A different – longer, more cathartic, questionably less yogic – kind of story
Emotions are running high and tempers are short. Coronavirus is still in our lives as a somewhat heavier and more mundane presence than during the first lockdown. We’re all sick and tired of restrictions and barriers and being told what we can do and where we can go and when and why. There is so much we can’t control, all for an undeniably valid reason – to control the spread and limit the number of people affected – but there’s still something we can control; how we go about our daily actions, interactions and reactions.
Now it’s safe to say A&E had suited me up with thicker armour to shield from (the largely few and far between) episodes of aggressive impatience one might encounter in any people-facing role. But it turns out this armour, like a muscle, must be exercised regularly in order to be maintained. The day job: strengthening by rehearsal through repeated encounters. Mindfulness: reinforcing with deep measured breath work and grounding. It turns out, being away from A&E for a few months, is enough to allow that shield to rust and weaken.
Recently, what with the daily uncertainty we all face, my nerves are shot and my anxiety has found a new lease of life. Not working (whilst having clear benefits) has placed a different sort of mental strain and these days’ once seemingly simple chores, like doing the weekly shop, can be stress-inducing. I’m glad I’ve come away from an extremely unpleasant encounter knowing it’s a reflection of someone else’s personal situation and circumstance – it was never about me, not really. Even then, it’s taken the best part of an evening, a few uncharacteristic bouts of tears and a panic attack to get to this point. It’s certainly knocked my confidence and made me feel a bit more inclined to do an online shop… But I’d hate to think what her actions would have done to someone in a more mentally fragile state. It really is true that you can never know what someone else is going through.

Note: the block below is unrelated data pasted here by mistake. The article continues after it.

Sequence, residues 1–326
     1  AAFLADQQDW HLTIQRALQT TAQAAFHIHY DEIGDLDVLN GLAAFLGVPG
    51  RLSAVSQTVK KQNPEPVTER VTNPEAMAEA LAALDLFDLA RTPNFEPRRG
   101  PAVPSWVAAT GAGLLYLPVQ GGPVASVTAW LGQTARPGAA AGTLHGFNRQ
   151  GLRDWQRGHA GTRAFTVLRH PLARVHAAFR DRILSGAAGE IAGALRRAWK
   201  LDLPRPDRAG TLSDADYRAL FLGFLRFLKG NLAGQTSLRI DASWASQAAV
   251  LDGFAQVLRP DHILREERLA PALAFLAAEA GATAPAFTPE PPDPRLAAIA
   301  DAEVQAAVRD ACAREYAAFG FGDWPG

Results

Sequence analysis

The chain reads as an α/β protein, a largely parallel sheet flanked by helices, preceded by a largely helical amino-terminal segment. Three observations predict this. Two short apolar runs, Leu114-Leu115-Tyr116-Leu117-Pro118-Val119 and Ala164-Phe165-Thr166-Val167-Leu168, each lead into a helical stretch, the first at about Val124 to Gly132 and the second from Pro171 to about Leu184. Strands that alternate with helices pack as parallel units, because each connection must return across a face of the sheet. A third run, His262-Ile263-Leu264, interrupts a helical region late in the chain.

So there’s a mildly cryptic story, take from it what you will. Maybe you, like me, need to devote more time to polishing your protective suit of armour (see the latter half of Sam Levenson’s words below). Maybe you need to check your temper and decide if the situation really warrants your reaction. Maybe you’ll have a think about what you could/would/should do as a bystander to such situations. But really, as we’re in this together for the long haul, we all just need to remember to take a moment, take a breath, and be kind.
“For attractive lips, speak words of kindness
For lovely eyes, seek out the good in people
For a slim figure, share your food with the hungry
For beautiful hair, let a child run his or her fingers through it once a day
For poise, walk with the knowledge you’ll never walk alone
People, even more than things, have to be restored, renewed, revived, reclaimed, and redeemed; Never throw out anybody
Remember, if you ever need a helping hand, you’ll find one at the end of your arm
As you grow older, you will discover that you have two hands, one for helping yourself, the other for helping others.”Time Tested Beauty Tips